Snohvit LNG Project

From SourceWatch
Jump to navigation Jump to search
This article is a stub. You can help by expanding it.
 graphic position=top |
 background=FFF |
 border=BA2725 |
 image=/images/a/aa/Coalswarm_badge.gif |
 width=216 |
 height=60 |
 title=Portal:Coal Issues |
 link= |
text=This article is part of the Coal Issues portal on SourceWatch, a project of Global Energy Monitor and the Center for Media and Democracy. See here for help on adding material to CoalSwarm.}}

The Snohvit LNG Project is an offshore LNG project with Carbon Capture and Storage(CCS) in the Barents Sea which has been developed by Statoil.

The project involves the development of three gas fields, the Snohvit, Askeladd and Albatross fields with the gas transported to land through a 143-kilometre pipeline. The Snohvit itself involves the drilling of nine wells, eight for production and one for the re-injection of carbon dioxide.[1]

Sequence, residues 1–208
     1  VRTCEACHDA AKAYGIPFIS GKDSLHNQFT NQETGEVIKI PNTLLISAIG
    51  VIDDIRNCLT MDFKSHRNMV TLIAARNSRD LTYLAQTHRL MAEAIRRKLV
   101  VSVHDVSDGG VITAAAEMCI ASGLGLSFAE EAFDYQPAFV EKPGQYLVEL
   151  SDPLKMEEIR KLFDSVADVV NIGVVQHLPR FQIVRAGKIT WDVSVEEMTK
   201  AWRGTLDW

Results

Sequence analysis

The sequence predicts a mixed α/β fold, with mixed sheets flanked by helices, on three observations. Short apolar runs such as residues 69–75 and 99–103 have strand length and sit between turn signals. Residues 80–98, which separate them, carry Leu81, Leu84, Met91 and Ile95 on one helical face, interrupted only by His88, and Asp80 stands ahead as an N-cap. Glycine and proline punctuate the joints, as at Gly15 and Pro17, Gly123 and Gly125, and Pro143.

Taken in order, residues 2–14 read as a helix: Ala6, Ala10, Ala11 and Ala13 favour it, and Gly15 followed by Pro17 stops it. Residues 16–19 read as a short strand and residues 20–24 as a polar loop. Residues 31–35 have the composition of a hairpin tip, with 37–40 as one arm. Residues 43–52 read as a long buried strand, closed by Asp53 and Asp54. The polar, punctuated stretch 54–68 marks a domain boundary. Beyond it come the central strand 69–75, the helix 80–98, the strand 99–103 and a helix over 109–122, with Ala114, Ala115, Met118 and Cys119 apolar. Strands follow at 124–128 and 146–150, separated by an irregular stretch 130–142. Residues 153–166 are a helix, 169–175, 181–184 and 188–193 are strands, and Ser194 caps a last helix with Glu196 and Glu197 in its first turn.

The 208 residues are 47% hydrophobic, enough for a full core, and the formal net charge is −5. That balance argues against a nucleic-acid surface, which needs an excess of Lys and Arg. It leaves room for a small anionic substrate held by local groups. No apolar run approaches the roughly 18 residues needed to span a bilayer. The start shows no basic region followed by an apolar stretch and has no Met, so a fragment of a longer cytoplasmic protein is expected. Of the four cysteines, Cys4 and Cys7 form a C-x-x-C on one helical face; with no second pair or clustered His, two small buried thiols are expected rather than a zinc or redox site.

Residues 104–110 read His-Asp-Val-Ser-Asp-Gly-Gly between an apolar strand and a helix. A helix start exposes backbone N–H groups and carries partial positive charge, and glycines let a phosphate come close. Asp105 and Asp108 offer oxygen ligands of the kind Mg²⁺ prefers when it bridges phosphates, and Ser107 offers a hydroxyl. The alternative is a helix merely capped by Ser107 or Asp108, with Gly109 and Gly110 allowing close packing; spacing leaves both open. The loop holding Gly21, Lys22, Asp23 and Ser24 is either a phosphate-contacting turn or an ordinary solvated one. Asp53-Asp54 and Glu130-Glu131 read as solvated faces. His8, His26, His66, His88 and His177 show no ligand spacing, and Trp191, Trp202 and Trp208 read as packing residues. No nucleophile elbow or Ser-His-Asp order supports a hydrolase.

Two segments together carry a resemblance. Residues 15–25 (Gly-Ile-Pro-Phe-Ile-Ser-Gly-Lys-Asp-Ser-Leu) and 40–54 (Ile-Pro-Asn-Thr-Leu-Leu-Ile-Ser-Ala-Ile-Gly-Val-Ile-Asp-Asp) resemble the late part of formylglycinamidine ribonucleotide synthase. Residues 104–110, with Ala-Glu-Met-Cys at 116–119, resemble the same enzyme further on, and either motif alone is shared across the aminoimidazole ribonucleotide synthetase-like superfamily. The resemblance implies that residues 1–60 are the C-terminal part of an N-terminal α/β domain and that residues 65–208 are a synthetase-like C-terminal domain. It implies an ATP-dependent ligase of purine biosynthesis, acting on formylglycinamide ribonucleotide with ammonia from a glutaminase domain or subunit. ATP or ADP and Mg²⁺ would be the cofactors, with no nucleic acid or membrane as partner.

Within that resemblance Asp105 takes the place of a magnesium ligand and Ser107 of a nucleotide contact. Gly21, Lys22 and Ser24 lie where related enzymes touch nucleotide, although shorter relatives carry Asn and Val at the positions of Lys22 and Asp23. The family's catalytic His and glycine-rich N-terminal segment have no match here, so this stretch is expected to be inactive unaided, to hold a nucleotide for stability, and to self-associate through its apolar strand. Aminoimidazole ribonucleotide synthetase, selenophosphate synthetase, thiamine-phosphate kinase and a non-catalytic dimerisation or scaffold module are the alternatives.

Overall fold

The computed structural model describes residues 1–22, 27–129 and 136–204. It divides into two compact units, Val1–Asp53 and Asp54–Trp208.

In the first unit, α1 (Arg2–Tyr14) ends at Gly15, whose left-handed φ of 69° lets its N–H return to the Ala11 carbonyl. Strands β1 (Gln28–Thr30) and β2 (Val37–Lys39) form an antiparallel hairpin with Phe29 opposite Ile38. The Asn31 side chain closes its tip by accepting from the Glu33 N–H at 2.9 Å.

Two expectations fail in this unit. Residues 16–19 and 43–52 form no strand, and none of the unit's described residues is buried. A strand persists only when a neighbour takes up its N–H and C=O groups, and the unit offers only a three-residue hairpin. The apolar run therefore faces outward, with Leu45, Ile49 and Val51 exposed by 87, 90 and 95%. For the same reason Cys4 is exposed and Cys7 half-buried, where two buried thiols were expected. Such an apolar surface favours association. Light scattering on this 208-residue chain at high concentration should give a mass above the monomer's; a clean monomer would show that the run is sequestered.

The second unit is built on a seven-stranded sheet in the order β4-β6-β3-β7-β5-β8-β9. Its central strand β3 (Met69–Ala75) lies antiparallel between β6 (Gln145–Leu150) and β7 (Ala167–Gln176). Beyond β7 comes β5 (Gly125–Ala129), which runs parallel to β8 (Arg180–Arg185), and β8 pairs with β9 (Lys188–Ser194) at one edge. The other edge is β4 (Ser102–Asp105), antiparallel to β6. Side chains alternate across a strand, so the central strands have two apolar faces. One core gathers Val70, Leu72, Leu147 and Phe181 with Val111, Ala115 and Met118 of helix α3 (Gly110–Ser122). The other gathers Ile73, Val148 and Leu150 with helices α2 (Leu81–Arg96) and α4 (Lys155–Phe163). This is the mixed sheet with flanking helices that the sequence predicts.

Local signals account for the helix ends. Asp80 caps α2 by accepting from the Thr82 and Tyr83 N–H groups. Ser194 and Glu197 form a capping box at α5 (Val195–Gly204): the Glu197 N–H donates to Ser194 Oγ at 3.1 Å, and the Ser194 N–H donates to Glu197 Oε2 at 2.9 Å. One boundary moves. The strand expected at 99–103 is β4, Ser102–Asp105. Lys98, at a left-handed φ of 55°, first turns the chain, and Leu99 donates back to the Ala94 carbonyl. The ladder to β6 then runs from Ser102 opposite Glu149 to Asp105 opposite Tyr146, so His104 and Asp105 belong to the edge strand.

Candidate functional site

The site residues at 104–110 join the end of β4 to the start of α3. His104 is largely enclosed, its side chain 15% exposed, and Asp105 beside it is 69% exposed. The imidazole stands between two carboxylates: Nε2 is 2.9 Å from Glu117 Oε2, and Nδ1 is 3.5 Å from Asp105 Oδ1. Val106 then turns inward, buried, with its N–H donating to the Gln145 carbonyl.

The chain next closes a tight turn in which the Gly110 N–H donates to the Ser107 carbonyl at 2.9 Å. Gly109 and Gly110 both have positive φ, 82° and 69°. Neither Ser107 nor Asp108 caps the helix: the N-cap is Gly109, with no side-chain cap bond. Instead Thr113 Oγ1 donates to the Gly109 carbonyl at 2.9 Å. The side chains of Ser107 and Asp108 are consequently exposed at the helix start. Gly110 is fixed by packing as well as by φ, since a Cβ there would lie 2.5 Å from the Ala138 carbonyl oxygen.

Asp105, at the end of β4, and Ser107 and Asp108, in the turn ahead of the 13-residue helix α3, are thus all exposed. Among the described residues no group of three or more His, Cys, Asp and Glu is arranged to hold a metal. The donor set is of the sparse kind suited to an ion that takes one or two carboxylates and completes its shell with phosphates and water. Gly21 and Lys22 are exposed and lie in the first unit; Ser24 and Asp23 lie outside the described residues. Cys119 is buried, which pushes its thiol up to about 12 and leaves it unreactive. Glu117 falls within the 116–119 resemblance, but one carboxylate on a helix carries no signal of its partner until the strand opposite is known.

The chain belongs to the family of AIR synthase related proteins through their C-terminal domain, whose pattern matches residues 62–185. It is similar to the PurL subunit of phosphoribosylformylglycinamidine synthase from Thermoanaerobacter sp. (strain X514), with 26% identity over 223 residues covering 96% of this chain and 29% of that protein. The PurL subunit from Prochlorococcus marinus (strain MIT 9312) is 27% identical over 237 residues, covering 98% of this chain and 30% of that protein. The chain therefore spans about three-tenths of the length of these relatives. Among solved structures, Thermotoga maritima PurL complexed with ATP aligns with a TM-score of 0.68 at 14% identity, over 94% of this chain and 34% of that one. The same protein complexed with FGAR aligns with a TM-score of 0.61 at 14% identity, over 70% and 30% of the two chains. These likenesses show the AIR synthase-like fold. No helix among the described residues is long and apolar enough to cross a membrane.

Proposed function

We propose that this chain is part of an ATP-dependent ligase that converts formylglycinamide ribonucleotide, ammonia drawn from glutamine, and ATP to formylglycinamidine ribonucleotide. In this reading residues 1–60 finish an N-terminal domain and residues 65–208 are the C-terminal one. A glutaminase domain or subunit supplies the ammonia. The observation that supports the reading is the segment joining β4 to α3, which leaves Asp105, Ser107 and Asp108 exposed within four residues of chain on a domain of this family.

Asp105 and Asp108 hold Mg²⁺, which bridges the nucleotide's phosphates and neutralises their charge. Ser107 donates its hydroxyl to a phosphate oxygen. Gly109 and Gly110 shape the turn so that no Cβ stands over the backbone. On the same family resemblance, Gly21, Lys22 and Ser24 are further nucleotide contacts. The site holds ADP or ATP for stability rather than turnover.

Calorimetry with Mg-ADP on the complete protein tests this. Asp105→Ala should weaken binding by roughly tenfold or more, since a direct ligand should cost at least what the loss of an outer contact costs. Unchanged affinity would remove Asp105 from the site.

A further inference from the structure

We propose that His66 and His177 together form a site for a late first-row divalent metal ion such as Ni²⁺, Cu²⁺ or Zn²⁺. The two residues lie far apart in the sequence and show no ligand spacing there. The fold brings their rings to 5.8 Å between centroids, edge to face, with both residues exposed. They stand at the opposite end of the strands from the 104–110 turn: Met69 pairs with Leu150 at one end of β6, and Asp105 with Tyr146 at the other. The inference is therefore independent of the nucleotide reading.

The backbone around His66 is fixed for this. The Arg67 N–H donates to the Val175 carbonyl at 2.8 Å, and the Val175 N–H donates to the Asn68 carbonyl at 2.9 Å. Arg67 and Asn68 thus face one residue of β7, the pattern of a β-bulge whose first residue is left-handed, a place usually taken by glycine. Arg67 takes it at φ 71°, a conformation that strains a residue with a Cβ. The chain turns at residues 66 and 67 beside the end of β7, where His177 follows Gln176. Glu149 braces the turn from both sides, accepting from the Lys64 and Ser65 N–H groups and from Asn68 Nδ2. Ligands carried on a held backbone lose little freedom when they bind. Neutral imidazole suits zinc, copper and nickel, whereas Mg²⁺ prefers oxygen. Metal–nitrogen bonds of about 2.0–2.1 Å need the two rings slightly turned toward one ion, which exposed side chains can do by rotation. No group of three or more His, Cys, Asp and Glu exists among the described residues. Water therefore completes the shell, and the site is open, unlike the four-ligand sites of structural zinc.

As of July 2010, Statoil lists the consortium partners as Statoil with 33.53%, Petoro 30%, Total E&P Norge 18.4%, GDF Suez E&P 12%, Hess 3.26% and RWE Dea Norge 2.81%.[1]


Statoil states that the gas which is piped from the Snøhvit field to Melkøya processing plant outside Hammerfest contains 5-8% carbon dioxide. The C02 is separated from the natural gas, piped back via a 153km pipeline to the "edge of the Snøhvit reservoir" and reinjected at a depth of 2600 metres beneath the seabed. Statoil states that "at full capacity on Snøhvit, 700,000 tonnes of CO2 will be stored per year". The company also states that "a shale cap which lies above the sandstone will seal the reservoir and ensure that the CO2 stays underground without leaking to the surface."[2]

Articles and resources


  1. 1.0 1.1 Statoil, "Facts about Snøhvit", Statoil website, accessed July 2010.
  2. Statoil, "Carbon storage started on Snøhvit", Media Release, April 2008.

Related SourceWatch articles

External resources

External articles